• List race and ethnicity categories in alphabetical order instead of by prevalence, but list “other” and “unknown” last
  • Following patient-first language, race and ethnicity should be used as modifiers (e.g., Asian patients; White populations), not nouns (e.g., Asians; Whites)
  • Compound racial and ethnic terms should not be hyphenated (e.g., Asian American; African American)
  • Avoid “mixed race” unless this term was used in data collection; “multiracial” or “multiethnic” is preferred

Annette Flanagin spoke next and continued:

  • Abbreviations (e.g., AANHPI [Asian American Native Hawaiian Pacific Islander]) should be avoided as they may not be understood by a global audience. If such abbreviations must be used, they should be expanded and reserved only for complicated tables 
  • “Minority” and “minorities” should not be used as nouns; rather, they should be used with another descriptor (e.g., racial and ethnic minority groups). “Underserved” or “underrepresented” can be used but have different meanings—“underserved” refers to health disparities among groups, while “underrepresented” refers to a disproportionately low number of individuals in a workforce or educational program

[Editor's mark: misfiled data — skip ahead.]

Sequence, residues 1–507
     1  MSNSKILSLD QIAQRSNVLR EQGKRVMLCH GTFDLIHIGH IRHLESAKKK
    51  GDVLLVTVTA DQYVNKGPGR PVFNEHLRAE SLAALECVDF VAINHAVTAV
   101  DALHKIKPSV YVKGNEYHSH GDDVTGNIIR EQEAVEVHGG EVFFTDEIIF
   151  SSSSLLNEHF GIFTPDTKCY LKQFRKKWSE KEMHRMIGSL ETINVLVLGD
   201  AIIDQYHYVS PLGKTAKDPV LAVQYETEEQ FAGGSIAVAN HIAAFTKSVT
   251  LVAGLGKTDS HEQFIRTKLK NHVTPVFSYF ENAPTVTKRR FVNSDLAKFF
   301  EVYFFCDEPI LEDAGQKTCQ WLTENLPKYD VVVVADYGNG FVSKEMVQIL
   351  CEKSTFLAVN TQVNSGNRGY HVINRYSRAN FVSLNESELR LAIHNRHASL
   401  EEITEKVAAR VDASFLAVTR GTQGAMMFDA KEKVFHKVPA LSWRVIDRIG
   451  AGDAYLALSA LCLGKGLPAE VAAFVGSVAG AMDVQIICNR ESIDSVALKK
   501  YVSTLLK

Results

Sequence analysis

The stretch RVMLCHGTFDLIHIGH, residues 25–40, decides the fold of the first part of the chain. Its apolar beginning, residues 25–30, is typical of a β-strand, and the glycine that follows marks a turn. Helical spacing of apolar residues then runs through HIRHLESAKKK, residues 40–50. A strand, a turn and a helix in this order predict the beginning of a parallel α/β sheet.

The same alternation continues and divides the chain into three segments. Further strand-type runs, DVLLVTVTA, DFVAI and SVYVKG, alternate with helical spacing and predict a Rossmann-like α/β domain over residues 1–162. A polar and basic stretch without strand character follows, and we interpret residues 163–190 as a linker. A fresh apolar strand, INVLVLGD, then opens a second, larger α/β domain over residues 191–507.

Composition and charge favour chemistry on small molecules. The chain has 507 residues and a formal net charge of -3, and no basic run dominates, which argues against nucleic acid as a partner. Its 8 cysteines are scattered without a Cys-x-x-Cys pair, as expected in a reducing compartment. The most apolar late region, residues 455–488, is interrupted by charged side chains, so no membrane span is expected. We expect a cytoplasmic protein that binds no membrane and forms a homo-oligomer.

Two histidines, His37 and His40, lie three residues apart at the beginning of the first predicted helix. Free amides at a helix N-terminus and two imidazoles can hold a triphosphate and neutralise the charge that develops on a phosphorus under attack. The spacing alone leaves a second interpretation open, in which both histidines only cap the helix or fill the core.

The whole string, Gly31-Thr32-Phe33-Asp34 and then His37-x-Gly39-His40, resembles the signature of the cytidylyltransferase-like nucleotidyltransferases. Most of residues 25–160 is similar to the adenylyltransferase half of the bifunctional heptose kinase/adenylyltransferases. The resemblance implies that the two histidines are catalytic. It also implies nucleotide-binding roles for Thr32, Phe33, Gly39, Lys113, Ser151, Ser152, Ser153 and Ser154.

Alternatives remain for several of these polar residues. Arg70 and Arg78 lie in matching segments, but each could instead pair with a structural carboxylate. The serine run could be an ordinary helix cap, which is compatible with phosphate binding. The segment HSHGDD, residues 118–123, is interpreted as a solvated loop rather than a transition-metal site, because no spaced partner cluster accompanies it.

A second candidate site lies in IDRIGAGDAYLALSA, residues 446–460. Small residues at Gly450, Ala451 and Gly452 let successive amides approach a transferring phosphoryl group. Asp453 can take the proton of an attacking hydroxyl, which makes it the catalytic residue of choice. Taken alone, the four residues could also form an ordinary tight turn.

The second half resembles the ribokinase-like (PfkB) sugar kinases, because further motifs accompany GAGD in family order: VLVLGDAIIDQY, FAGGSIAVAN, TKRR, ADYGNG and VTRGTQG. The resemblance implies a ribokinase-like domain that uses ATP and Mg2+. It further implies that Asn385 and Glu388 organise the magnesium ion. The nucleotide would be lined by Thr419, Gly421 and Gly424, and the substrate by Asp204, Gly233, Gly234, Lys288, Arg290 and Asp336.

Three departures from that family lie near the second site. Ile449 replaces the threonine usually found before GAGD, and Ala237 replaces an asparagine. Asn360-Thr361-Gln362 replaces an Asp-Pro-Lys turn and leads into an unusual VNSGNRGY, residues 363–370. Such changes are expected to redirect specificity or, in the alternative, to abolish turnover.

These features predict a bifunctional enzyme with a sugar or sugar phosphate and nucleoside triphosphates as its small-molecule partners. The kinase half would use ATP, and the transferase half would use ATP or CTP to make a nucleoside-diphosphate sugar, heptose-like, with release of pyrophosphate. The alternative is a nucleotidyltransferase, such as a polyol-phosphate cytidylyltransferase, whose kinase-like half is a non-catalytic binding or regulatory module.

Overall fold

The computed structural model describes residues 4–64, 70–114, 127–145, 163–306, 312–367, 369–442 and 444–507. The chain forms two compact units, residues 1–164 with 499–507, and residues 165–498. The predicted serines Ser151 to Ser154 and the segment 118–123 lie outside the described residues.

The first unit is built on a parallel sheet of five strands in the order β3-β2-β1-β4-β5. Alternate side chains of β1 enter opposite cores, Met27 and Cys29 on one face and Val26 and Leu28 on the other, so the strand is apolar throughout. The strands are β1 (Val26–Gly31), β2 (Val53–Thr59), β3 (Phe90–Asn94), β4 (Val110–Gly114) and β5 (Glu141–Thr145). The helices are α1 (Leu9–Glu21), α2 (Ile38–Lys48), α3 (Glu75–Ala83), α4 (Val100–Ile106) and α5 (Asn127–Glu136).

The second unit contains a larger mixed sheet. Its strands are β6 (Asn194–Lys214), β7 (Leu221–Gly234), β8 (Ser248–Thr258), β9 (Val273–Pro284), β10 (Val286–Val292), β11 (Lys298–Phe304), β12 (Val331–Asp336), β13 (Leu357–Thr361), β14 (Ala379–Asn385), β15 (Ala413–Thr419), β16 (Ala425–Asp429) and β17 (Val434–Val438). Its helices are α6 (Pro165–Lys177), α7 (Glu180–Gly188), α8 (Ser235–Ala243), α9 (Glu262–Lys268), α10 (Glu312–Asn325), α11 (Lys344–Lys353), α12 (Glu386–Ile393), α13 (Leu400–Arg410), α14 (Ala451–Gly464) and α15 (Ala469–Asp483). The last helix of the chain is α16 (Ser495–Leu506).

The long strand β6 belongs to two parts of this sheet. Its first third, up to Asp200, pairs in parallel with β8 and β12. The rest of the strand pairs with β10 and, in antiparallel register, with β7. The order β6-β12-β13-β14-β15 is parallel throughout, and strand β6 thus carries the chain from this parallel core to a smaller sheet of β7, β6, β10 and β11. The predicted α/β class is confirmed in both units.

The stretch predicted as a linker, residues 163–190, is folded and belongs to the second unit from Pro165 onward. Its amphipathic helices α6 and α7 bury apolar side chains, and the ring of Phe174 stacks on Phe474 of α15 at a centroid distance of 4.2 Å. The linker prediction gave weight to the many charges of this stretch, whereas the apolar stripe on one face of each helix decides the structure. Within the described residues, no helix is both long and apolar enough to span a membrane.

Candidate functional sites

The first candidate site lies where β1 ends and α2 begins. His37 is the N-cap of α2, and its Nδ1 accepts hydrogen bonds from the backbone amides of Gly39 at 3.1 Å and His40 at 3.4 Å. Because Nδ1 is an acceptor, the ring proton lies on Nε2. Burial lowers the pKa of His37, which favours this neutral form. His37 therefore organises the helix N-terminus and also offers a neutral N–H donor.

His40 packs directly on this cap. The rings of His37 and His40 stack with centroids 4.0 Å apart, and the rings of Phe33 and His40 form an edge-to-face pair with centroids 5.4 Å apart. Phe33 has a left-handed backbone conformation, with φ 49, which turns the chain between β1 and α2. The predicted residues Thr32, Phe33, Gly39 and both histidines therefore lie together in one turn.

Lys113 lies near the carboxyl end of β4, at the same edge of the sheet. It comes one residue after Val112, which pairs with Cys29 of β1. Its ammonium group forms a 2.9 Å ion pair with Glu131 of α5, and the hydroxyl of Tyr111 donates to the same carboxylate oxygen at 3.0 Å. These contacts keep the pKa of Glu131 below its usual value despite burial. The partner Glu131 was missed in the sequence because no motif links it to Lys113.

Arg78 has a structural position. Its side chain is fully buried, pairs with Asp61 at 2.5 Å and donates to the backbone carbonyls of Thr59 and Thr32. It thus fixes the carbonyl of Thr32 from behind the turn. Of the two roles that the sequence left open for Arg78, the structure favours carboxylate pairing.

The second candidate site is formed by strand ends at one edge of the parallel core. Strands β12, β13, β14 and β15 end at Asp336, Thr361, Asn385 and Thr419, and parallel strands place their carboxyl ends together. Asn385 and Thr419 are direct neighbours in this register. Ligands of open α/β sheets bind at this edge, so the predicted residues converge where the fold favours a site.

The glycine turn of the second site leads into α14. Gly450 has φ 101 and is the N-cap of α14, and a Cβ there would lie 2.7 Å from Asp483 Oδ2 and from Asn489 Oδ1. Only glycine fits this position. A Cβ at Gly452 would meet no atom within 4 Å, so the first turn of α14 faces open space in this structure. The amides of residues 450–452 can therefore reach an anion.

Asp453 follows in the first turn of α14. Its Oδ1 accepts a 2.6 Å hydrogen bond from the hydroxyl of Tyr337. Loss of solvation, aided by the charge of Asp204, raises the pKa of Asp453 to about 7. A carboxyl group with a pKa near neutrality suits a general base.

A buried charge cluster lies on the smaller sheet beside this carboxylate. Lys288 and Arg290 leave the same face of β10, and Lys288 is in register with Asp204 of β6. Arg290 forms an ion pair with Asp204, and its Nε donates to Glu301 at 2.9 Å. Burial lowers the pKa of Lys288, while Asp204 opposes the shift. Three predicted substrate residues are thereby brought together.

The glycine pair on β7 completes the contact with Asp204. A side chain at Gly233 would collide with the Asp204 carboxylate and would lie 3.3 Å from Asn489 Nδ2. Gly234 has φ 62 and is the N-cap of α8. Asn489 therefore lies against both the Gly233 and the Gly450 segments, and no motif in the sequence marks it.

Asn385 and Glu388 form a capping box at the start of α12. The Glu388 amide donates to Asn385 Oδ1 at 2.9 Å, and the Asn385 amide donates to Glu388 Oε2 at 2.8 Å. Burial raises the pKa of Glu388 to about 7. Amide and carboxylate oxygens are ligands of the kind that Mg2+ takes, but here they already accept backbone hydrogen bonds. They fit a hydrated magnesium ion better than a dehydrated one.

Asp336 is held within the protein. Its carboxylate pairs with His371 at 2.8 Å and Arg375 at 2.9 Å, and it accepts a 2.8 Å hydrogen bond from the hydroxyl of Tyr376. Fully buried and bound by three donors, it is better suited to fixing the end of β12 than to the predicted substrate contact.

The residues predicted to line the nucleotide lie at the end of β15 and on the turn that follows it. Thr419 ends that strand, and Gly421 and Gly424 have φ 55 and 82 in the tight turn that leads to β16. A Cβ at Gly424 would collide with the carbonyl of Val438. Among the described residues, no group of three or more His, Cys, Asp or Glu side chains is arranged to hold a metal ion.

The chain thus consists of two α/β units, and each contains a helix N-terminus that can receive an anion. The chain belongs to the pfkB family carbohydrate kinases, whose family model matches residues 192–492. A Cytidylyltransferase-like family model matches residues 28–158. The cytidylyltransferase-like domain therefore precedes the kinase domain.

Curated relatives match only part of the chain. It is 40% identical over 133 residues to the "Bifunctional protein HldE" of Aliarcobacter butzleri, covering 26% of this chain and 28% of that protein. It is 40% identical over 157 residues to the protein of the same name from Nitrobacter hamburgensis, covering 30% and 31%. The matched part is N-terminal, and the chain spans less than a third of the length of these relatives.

• “People of color” should be avoided—this is inclusive to the point that it erases differences between groups. The preference is to list specific racial or ethnic categories 
  • Terms such as “Black, Indigenous, and people of color (BIPOC)”, “Black, Asian, and minority ethnic (BAME)”, and “Black and minority ethnic (BME)” should be avoided as they disregard individuals’ identities, may not include all groups, eliminate differences among groups, and may imply hierarchy. Preference is to list specific racial or ethnic categories 
  • If collective terms are used, ask for definitions of groups included and expand at first mention. In practice, JAMA Network journal manuscript editors will follow up with authors who use collective terms that are vague or nonspecific
  • Avoid use of colors (e.g., brown and yellow) to describe individuals or groups. These terms may be less inclusive than intended, or considered pejorative or a slur
  • Avoid “other” without explanation as it is vague. Authors should state which groups are included in the term “other” and why “other” was used (e.g., numbers in some categories were too small for meaningful comparative analysis)
  • Avoid biological explanations for healthcare disparities or inequities between racial and ethnic groups and recognize the intersectionality of many sociodemographic and systemic factors that may be associated with such disparities and inequities
  • Don’t use “non-White”—specific groups should be indicated. If there is a reason for classifying this way, authors will be asked to justify and explain